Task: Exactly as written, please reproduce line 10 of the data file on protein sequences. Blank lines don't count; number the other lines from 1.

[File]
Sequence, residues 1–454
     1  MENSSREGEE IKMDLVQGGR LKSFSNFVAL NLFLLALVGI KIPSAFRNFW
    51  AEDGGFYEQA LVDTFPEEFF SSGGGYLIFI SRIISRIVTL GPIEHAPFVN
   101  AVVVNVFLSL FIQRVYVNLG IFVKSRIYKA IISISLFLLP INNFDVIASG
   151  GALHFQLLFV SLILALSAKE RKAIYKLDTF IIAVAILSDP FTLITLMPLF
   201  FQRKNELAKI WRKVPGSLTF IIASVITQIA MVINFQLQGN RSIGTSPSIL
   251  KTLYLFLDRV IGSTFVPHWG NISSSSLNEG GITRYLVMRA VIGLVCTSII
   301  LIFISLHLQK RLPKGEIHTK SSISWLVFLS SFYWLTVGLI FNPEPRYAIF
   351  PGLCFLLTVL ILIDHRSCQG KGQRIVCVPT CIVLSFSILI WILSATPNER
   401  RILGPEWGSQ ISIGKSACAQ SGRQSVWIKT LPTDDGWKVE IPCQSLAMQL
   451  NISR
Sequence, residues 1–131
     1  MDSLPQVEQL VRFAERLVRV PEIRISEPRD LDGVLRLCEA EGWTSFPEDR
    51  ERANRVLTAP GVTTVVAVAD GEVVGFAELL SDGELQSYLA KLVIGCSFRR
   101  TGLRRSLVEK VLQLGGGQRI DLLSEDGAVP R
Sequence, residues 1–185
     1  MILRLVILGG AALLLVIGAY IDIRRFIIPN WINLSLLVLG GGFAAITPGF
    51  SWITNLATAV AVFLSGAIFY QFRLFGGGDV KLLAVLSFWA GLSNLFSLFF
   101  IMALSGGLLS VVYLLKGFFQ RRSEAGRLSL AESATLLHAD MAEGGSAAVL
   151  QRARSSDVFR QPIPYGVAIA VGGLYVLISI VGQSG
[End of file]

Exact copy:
   401  RILGPEWGSQ ISIGKSACAQ SGRQSVWIKT LPTDDGWKVE IPCQSLAMQL